Ferguson: Breaking down the top 20 prospects

The third and final edition of the Central Scouting Bureau rankings are here and just like last year, there are five players rated in the top 20 who were not previously ranked in the December list.

There is a heavy dose of NCAA talent in the top five but plenty of movement including previously number one ranked offensive lineman David Knevel of Nebraska being bumped back to fifth while Bowling Green blocker Ryan Hunter can now call the top ranking home.

Meanwhile Laurier defensive back Isaiah Guzylak Messam, Calgary linebacker Micah Teitz, Western fullback David Mackie, McMaster receiver Dan Petermann and Central Washington pass rusher Bo Banner all join the top twenty for the first time in the evaluation process.

Here is a full look at prospect movement over the three Scouting Bureau rankings since September:

DB | Laurier
(NR -> NR -> 20)

Guzylak-Messam not being ranked earlier could be the effect of standing in Laurier teammate Godfrey Onyeka’s perceived shadow but make no mistake, he deserves every ounce of praise he gets as a thrashing, physically built defensive back.

Last year Calgary Dinos defensive end Connor McGough went unranked until April before finding a home at twenty and having a productive rookie season in Hamilton. Could Guzylak-Messam – a Hamilton native – follow a similar path?

LB | Calgary
(NR -> NR -> 19)

Teitiz ran better than expected by many scouts at the national combine in Winnipeg and has a well established resume to support his placement on the Scouting Bureau’s final rankings.

Previously thought of as a solid football player without CFL caliber athleticism. the combine only helped Teitz.

RB | Western
(NR -> NR -> 18)

Mackie replaces teammate Alex Taylor in the final rankings and with good reason. The CFL draft is rarely about skill position players dominating quickly and more about players who can add value to a roster.

Mackie has great size and combines advanced level blocking knowledge gained from the Mustangs ground game coaching with experience as a long snapper. Whoever gets him this May will quickly be better off for it in a variety of ways that rarely serve as highlight of the night.

REC | McMaster
(NR -> NR -> 17)

Petermann opened many eyes at the national combine. Based on his college career accolades and on field skill set he likely deserves to be ranked higher in the final list but not being ranked previously could have held the bureau back from raising him above more established prospects from previous lists.

DL | Central Washington
(NR -> NR -> 16)

Banner was easily the most effective pass rusher in one-on-ones at the CFL’s National Scouting Combine and shows promise as a true defensive lineman if his body grows from talented college player to professional anchor.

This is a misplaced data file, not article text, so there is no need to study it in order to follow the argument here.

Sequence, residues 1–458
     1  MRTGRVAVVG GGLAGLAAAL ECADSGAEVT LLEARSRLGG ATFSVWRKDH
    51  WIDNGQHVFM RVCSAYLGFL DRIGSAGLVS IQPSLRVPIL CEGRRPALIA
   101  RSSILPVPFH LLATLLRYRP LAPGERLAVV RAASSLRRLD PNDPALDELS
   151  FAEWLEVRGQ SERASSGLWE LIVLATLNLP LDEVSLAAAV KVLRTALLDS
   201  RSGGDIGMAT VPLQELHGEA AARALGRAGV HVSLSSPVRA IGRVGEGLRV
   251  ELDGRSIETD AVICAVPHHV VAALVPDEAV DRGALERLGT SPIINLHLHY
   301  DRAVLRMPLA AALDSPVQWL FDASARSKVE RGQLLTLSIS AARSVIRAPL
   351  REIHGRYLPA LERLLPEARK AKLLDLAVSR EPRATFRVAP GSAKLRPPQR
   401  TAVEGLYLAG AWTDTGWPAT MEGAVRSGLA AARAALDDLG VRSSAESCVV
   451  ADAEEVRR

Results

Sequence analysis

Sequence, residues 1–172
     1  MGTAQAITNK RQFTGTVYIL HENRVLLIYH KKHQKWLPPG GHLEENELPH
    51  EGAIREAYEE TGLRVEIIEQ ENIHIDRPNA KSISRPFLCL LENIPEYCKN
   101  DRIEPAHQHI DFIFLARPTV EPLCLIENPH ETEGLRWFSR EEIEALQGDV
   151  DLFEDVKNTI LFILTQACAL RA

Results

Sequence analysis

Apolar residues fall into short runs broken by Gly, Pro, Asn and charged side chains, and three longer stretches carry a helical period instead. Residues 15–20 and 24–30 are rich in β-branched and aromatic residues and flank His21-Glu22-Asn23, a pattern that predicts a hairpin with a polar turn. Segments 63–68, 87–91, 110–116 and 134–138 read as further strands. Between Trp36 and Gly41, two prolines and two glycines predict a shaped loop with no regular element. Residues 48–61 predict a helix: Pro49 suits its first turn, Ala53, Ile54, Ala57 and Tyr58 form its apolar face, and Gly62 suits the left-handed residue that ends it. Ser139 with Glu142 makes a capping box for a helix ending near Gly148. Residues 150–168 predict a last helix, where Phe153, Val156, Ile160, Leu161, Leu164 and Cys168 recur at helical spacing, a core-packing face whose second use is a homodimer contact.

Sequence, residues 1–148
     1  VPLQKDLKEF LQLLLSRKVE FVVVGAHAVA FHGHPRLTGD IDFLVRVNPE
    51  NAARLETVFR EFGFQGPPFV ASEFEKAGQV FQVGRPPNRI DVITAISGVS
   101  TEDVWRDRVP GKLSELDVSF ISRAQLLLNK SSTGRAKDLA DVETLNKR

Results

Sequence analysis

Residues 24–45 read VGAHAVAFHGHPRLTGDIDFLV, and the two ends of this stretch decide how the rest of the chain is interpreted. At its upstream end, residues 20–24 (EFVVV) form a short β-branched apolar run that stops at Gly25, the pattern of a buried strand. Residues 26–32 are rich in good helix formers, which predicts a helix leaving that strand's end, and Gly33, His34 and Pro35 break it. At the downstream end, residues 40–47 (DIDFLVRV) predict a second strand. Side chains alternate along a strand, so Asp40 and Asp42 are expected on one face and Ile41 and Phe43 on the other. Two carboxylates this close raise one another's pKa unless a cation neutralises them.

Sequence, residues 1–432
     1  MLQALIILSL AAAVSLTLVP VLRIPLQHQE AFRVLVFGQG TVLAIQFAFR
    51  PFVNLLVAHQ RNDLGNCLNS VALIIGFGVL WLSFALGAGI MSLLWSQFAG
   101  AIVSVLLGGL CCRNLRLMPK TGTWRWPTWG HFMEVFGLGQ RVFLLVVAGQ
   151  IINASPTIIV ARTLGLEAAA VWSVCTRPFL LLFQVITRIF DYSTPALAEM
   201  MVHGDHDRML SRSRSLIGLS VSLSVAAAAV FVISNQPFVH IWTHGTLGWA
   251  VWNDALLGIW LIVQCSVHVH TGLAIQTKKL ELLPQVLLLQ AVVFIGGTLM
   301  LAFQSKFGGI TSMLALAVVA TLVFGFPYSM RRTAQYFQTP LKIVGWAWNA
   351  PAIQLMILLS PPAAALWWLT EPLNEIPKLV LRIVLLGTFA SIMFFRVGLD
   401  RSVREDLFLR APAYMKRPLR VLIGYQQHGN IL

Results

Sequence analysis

I see Banner as a rotational defensive lineman for a team like Saskatchewan or Edmonton quickly while being asked to contribute on special teams.

REC | Montreal
(9 -> 8 -> 15)

Cibasu did not run the forty yard dash time he wanted at a Montreal Carabins pro day and chose not to attend the National Scouting Combine. Those two factors likely hurt the Carabins receiver through the winter rankings to where we stand today.

I believe Cibasu would have upped his draft ranking with an appearance in Winnipeg since he would have been viewed favourably when standing side by side with many other receiving prospects.

OL | Calgary
(5 -> 9 -> 14)

Ciraco has slowly been pushed out of the top ten by other prospects who continue to rank. This is likely due to relatively average testing numbers and the lack of recency bias on film.

In season, Ciraco was an anchor for the Dinos line and not being able to watch him do what he does best – block people – since November hurts his number. Lucky for Darius the rankings don’t mean anything after you’re drafted.

OL | Calgary
(17 -> 18 -> 13)

Contrary to his teammate Ciraco, Sceviour has slowly risen towards a single-digit ranking thanks to his smooth movement tests and general demeanour at the national combine.

I’d be surprised if Sceviour is still available by the time we reach the third round of the draft.

OL | Guelph
(13 -> 15 -> 12)

Pickett, similar to Sceviour, continues to win the race by playing the role of tortoise and not hare. Slow and steady is the name of the game for the Guelph Gryphons big man who lent a physical edge to a Gryphons line that dearly needed it through the fall.

LB | Ottawa
(20 -> 13 -> 11)

What can’t this guy do? Jackson Bennett seemed to be on the field forever at the national combine while competing against receivers and running backs with the linebackers and defensive backs.